A crochet hook is a tool consisting of a slender handle with a hook at one (or both) ends, which is used to pull thread or yarn through loops to create crochet stitches. You can also use a crochet hook to create hairpin lace, to pick up dropped knitting stitches, or thread beads onto string. Sizes, handles, and materials that make up crochet hooks can vary. Each type has specific benefits and drawbacks from the ease of use, price, and comfort.
Steel are for the smallest sizes and are often used in fine thread crochet such as in doilies.
Aluminum are available a large range of sizes. Aluminum hooks allow you to crochet smoothly and quickly.
Plastic are available in all the common sizes as well as jumbo hooks. They are very large and are usually made of hollow plastic, because it is lightweight.
Bamboo are lightweight and warm in the hand and are available in all but the smallest and jumbo sizes.
Tunisian are longer than regular hooks, and sometimes have a hook on each end. A crochet hook with a hook on both ends is also called a cro hook. Like a knitting needle, you keep your stitches on a tunisian crochet hook as you create the fabric. Tunisian crochet is also called afghan crochet, and the fabric looks different from normal crochet, and a little like knitting.
Ergonomic have larger soft handles or handles you can insert a regular hook into. They are designed to reduce the strain in your hands as you grip a small hook for an extended period of time. There are also stress relief gloves that can also help to ease hand soreness or pain.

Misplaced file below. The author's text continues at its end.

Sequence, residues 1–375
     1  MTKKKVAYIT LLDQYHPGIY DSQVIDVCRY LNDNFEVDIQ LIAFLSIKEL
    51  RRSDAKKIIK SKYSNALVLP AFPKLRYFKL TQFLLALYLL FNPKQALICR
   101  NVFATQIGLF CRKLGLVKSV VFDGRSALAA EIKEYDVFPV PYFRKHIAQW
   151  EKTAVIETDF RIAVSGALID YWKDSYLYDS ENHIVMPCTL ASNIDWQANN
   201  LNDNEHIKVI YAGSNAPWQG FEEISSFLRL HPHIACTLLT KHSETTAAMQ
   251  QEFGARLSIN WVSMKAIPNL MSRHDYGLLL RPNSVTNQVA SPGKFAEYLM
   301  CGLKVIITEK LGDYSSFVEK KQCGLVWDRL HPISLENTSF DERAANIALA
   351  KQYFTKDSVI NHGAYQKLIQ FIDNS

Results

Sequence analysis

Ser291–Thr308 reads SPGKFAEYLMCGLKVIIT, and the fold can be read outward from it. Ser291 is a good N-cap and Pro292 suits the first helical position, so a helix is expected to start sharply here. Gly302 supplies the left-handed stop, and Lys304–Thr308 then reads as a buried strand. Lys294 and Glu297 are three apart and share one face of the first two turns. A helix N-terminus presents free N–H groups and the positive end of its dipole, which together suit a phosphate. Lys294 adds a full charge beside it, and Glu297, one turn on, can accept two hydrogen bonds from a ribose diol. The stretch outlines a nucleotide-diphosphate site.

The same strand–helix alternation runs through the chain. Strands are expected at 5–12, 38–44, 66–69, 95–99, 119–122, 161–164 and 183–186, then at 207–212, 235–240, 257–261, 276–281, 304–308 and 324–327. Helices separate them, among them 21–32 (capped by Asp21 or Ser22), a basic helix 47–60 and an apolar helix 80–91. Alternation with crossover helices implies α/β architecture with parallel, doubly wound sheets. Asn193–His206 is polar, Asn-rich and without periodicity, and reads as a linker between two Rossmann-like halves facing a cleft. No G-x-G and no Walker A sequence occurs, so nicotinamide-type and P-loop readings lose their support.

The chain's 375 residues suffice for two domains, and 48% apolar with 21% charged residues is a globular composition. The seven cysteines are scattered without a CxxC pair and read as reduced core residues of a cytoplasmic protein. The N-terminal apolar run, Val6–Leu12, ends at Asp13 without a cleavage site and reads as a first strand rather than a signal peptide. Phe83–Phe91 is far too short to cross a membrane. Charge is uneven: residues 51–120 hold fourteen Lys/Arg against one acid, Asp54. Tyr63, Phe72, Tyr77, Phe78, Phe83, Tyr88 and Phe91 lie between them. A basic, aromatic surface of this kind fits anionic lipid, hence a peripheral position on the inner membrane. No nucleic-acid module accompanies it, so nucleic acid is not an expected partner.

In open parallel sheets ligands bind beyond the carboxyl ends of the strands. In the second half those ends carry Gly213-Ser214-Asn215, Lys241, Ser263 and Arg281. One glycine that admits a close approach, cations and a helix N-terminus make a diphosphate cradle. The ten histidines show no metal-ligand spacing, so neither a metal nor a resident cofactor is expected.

Knook is a long crochet hook with a hole running through one end. You thread a piece of yarn through the hole in the knook needle, and you can create stitches that look like knitting, but with a single crochet hook rather than with knitting needles.
If you look at the label of any skein of yarn, there will be a suggested hook size listed, and an estimated number of stitches per inch (or 4 inches). Crochet a swatch with the stitch pattern you are going to use for your project, wash your yarn, let is dry, and then measure your stitches. You may need to swatch again with a larger or smaller size hook, depending on if you are a loose or tight needle.
Here is a link to a helpful chart from the Craft Yarn Council which tells you the recommended hook size for each weight of yarn, and an approximate number of stitches per four inches in single crochet.
There are plenty of books full of crochet patterns and how-tos
Find the right yarn for your crochet hook at the yarn buying guide.
Check out ThinkCrafts.com for more crochet project ideas and inspiration!
With over 30 years of sewing experience and more than 20 years of crafting I've rarely met a craft I didn't like, and have all the gadgetry to prove it. You'll often find me in my sewing and crafting room where I design and make garments, quilts, scrapbooks, cards, paper crafts, dolls, home decor and jewelry; just to name a few. I'm always interested in trying the next new thing and love to share my knowledge with others. For great sewing and crafting inspiration, ideas and tutorials, check out Keepsake Crafts.